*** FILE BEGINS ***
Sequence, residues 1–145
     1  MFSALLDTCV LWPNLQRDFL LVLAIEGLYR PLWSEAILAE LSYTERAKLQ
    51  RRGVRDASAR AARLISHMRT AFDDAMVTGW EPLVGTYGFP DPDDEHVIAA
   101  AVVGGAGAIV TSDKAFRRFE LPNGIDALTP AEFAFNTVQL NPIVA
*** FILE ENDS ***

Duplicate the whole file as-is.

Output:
Sequence, residues 1–145
     1  MFSALLDTCV LWPNLQRDFL LVLAIEGLYR PLWSEAILAE LSYTERAKLQ
    51  RRGVRDASAR AARLISHMRT AFDDAMVTGW EPLVGTYGFP DPDDEHVIAA
   101  AVVGGAGAIV TSDKAFRRFE LPNGIDALTP AEFAFNTVQL NPIVA